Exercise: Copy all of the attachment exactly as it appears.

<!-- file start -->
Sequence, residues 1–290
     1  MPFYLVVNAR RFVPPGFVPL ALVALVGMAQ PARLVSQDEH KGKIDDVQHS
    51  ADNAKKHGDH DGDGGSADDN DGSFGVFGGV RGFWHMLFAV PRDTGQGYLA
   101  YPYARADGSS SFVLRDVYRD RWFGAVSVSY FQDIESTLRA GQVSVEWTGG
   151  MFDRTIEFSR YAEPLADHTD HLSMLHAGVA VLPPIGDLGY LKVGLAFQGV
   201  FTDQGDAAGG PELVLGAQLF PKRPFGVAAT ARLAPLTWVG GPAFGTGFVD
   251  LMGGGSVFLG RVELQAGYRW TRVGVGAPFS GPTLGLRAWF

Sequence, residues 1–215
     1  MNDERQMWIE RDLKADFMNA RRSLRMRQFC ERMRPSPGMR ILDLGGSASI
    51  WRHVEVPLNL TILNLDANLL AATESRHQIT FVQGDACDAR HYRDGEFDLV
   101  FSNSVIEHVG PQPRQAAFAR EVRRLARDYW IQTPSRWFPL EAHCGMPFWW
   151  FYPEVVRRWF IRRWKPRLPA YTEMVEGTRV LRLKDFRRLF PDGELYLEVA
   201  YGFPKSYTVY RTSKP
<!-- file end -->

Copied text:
Sequence, residues 1–290
     1  MPFYLVVNAR RFVPPGFVPL ALVALVGMAQ PARLVSQDEH KGKIDDVQHS
    51  ADNAKKHGDH DGDGGSADDN DGSFGVFGGV RGFWHMLFAV PRDTGQGYLA
   101  YPYARADGSS SFVLRDVYRD RWFGAVSVSY FQDIESTLRA GQVSVEWTGG
   151  MFDRTIEFSR YAEPLADHTD HLSMLHAGVA VLPPIGDLGY LKVGLAFQGV
   201  FTDQGDAAGG PELVLGAQLF PKRPFGVAAT ARLAPLTWVG GPAFGTGFVD
   251  LMGGGSVFLG RVELQAGYRW TRVGVGAPFS GPTLGLRAWF

Sequence, residues 1–215
     1  MNDERQMWIE RDLKADFMNA RRSLRMRQFC ERMRPSPGMR ILDLGGSASI
    51  WRHVEVPLNL TILNLDANLL AATESRHQIT FVQGDACDAR HYRDGEFDLV
   101  FSNSVIEHVG PQPRQAAFAR EVRRLARDYW IQTPSRWFPL EAHCGMPFWW
   151  FYPEVVRRWF IRRWKPRLPA YTEMVEGTRV LRLKDFRRLF PDGELYLEVA
   201  YGFPKSYTVY RTSKP